Friday, 22 March 2013

Tender Proposal - update

Following my newsletter yesterday, a vein was struck and an outpouring of emotion was heaped upon the council via many emails. And I have to say that some of you are terrifically eloquent. I muddle through with a limited skill set, but you guys?! Passion flowed through your finger tips as you too felt compelled to challenge a council proposal that threatens the place that you so obviously feel ownership of. For sure, what's very clear, is that your vision of Polzeath, is a long way from that of the council. 

Anyway, following your efforts, it seems only appropriate that I give you an update, keep you in the loop as it were. Well I can report that the very latest news is that, erm, there is none! Nope, no word from Council Villas. In fact, returned e-mails even suggest that the decision makers are on holiday until the 2nd April, a date that conveniently falls after the bids are to be submitted! That's a bit disappointing - I had some more questions. I did manage to contact one of main men by phone earlier today, but it was his day off and he wouldn't discuss it. If I had hair, I'd pull it out, so I'm grinding my teeth. Grrrrrrr. 

Alongside the letters cc'd to me were offers of free assistance from procurement experts and lawyers; other councils; and plentiful coverage in national and local media. To all of whom we say thank you very much (I will respond to every e-mail I've received with a personal reply - if you've written but haven't sent me a copy, I'd be grateful if you would). But the thing is this. We don't want a legal battle; nor be on the front page of the papers; nor headline a radio news bulletin. Our business has been built on reputation alone, we like to do things word of mouth. We run a surf school and live a beach lifestyle. And all we want to do is to able to continue our business established 18 years ago, under the guidance of a competent council who's opinion and actions we trust. In a council that embarks in dialogue and consultation with those with experience.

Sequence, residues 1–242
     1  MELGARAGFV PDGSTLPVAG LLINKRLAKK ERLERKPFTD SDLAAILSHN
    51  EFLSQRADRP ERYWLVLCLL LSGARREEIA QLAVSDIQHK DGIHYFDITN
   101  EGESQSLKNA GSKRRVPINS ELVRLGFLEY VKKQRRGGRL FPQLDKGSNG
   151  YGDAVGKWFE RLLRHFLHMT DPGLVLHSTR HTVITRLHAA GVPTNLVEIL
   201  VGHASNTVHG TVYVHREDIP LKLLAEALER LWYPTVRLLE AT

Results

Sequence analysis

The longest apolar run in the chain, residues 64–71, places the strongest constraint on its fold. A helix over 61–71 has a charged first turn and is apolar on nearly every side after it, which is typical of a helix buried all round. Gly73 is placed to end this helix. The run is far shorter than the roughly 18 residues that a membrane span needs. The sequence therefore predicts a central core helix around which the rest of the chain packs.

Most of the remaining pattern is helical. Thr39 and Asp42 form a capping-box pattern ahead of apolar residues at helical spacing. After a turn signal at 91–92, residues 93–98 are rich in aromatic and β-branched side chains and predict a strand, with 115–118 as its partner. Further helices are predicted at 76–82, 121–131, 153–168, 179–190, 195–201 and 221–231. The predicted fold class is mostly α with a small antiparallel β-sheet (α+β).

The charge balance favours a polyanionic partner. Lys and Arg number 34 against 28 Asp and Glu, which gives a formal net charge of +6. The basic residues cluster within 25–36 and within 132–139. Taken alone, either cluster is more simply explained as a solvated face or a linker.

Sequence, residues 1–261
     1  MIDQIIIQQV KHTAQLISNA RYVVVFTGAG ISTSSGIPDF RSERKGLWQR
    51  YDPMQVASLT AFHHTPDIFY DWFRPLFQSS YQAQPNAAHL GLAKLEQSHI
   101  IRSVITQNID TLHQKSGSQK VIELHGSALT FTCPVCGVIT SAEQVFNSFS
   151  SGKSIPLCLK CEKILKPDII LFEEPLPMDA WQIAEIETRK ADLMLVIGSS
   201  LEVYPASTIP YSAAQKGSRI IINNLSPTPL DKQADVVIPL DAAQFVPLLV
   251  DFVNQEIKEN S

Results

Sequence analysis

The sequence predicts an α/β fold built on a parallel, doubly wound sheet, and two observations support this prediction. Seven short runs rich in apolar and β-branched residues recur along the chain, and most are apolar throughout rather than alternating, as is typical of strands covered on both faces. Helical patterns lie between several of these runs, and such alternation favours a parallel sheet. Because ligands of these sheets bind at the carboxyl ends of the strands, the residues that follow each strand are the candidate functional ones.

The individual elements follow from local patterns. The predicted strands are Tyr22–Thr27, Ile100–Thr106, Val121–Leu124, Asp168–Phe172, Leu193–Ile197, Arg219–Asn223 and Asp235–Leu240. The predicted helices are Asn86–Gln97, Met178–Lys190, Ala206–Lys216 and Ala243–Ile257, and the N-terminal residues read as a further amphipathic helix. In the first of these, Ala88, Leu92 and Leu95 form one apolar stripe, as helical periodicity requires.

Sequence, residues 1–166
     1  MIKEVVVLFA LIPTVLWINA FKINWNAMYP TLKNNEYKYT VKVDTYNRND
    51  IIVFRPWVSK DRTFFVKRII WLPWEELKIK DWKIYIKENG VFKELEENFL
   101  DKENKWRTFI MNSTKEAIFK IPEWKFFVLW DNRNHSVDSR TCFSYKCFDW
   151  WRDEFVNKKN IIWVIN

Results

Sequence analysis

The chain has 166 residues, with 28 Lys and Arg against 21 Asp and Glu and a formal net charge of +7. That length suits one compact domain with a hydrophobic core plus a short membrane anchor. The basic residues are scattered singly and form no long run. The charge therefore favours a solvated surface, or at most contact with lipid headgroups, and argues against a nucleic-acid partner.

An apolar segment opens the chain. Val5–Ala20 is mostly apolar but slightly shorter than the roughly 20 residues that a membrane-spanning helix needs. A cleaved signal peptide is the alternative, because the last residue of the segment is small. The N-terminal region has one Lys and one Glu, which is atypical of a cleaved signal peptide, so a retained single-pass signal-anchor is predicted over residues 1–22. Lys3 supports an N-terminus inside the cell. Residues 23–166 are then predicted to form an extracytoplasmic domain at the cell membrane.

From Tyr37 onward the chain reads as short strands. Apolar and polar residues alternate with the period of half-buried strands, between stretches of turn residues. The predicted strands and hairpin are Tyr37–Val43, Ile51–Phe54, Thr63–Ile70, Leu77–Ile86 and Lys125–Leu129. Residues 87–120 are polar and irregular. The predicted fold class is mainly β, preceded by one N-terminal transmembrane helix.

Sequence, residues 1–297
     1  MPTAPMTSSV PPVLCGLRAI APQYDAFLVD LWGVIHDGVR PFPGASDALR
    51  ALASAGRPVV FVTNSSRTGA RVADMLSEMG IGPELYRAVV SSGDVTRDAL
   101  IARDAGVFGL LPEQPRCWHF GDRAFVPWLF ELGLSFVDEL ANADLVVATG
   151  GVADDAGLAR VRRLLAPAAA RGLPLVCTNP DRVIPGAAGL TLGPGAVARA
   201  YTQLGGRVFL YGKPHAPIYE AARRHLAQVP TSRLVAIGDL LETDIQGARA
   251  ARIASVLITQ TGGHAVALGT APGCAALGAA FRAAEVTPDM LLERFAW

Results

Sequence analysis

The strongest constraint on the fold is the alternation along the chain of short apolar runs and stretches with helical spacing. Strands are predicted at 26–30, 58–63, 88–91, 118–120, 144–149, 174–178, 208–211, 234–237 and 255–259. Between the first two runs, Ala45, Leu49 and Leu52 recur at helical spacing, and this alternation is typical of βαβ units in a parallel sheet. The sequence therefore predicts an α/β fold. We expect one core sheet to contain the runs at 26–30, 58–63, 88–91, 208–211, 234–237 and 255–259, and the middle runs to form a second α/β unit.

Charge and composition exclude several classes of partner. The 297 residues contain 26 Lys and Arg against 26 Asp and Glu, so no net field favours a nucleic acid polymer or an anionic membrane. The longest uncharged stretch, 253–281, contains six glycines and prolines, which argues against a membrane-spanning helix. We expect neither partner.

What's absolutely clear from your comments is that what you want is a safe beach to enjoy - and it's up to us as the activity providor to work with the land owners to ensure that happens. Wouldn't it be great if the council put the tender process on hold for a moment and took some time out to consider all the points you've made. If you've written, thank you for taking the time. If you haven't, but you'd still like your view to be considered, please write to - and copy to

Thursday, 21 March 2013

Council policy threatens Polzeath safety

Hm, where do I start? Normally, as you well know, my heart is full to the brim of goodwill and my soul energised by the constant swish swash of a restless ocean in my lug holes and the fragrant waft of a salty sea breeze up me nostrils. Over the past week however, both myself and Janey have been a touch despondent. "Oh why, Petey? Wherefore art thy sadness cometh hence?" (yep still reading those Bronte sisters!). It's good of you to ask. Thanks.